- Innovation Profit: This is the profit entrepreneurship receives as compensation for undertaking innovative activity, especially developing new types of products or production techniques. Innovation profit is closely related to profits obtained due risk and uncertainty, but specifically aimed at the development innovations.
Organizers Not OwnersThe role that entrepreneurship plays in production is frequently misunderstood. Some folks erroneously equate entrepreneurship with the ownership of capital. The two essential ingredients of entrepreneurship are risk and organization. The ownership of other resources (labor, land, and especially capital) is not necessary for entrepreneurship.
Clearly the entrepreneurial task can be eased if the entrepreneurship also happens to own the other resources. An entrepreneur who owns the necessary capital equipment, material inputs, and provides personal labor has a distinct advantage over another entrepreneur who must acquire those resources from others.
- Manny Mustard, for example, is the owner and proprietor of Manny Mustard's House of Sandwich. He owns the entire operation, including all capital and land inputs. He supplies his own labor to the restaurant. More to the point, he is also the entrepreneur who takes on the risk of organizing the entire production operation.
- In contrast, Roland Nottingham is a retired businessman with a sizeable stock portfolio, including a number of shares of OmniConglomerate, Inc. This gives him ownership of a fraction of the OmniConglomerate capital assets. While he is a capital owner, he is by no means an entrepreneur. He does not organize production and he faces about the same risk as placing his investment funds in a bank.
Entrepreneurship or Labor?In theory, entrepreneurship is the risking-taking organizer of production. However in practice, entrepreneurship can be difficult to distinguish from labor. That is, a person can be labor today and entrepreneurship tomorrow.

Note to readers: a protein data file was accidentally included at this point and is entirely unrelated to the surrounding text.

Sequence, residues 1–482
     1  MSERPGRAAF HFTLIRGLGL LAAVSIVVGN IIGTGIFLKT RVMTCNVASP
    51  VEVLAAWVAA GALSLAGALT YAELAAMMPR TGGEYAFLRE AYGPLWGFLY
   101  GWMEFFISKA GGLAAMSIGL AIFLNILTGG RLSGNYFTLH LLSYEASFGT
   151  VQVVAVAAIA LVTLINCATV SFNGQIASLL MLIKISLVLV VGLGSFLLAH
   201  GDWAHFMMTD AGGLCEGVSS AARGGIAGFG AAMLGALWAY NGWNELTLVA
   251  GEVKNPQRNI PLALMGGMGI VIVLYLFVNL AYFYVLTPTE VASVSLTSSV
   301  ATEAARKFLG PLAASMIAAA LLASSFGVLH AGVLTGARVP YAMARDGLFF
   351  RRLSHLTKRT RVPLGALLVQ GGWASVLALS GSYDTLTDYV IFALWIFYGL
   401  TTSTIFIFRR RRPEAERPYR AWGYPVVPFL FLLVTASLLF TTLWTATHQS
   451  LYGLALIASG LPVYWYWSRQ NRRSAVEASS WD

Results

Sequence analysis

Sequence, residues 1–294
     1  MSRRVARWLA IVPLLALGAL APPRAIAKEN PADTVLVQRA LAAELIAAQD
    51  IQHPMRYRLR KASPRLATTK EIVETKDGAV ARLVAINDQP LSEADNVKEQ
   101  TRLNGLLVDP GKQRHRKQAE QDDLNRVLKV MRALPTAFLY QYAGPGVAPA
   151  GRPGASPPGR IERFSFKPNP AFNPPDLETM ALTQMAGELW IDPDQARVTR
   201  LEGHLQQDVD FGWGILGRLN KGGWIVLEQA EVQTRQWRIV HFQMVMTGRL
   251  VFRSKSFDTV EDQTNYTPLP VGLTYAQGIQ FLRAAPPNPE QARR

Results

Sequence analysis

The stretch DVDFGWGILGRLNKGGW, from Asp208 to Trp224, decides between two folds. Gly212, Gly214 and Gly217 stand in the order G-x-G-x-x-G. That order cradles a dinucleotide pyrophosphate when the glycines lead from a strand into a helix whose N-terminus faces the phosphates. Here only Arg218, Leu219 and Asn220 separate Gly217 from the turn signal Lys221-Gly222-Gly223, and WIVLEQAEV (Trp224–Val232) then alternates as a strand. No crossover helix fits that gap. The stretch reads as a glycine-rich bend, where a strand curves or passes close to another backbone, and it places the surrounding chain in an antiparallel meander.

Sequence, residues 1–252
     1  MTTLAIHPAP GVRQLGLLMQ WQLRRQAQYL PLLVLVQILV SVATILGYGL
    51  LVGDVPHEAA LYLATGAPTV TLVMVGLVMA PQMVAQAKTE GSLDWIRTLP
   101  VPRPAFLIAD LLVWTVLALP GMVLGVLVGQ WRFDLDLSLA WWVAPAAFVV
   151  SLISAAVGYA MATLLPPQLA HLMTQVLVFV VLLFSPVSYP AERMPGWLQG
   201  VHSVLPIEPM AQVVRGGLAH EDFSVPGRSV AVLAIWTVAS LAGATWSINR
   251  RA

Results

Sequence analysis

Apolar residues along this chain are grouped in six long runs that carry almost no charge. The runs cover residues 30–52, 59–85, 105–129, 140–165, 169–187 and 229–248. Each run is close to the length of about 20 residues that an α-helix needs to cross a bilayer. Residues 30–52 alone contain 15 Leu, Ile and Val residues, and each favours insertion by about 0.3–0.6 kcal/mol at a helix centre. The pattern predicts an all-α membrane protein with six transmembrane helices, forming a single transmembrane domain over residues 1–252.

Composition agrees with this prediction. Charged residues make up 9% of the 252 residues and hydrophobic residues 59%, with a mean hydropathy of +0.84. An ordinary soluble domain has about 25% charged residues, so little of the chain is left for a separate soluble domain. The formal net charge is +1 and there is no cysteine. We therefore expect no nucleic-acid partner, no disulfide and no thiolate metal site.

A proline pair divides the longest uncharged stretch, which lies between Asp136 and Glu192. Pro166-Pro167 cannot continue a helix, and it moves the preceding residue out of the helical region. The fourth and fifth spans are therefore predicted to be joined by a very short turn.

Entrepreneurship can also surface in other productive pursuits. Risk-taking organizers might emerge in large corporations, government agencies, universities, and even households.
- Entrepreneurship is commonly found operating small businesses, like Manny Mustard's House of Sandwich. A proprietor such as Manny Mustard is both entrepreneurship and labor. Part of the time--time spend making sandwiches, cleaning utensils--Manny is acting as labor. And part of the time--time spent ordering supplies, scheduling employees--Manny is acting as entrepreneurship.
In neither case does the entrepreneurship require ownership of the resources organized nor are they likely rewarded for their efforts with profit, but the activities they perform are entrepreneurship nonetheless. They are risk-taking organizers.
- Jonathan McJohnson, a middle-manager at OmniConglomerate, Inc., assumes the risk of developing, producing, and marketing a new product by organizing corporate resources (at the risk of getting fired). Jonathan McJohnson's efforts are entrepreneurship.
- George Grumpinkston, a professor at Ambling Institute of Technology, develops a new computer-based method of instruction (at the risk of receiving no raises and being ostracized by colleagues). Professor Grumpinkston's efforts are entrepreneurship.
ENTREPRENEURSHIP, AmosWEB Encyclonomic WEB*pedia, http://www.AmosWEB.com, AmosWEB LLC, 2000-2024. [Accessed: March 3, 2024].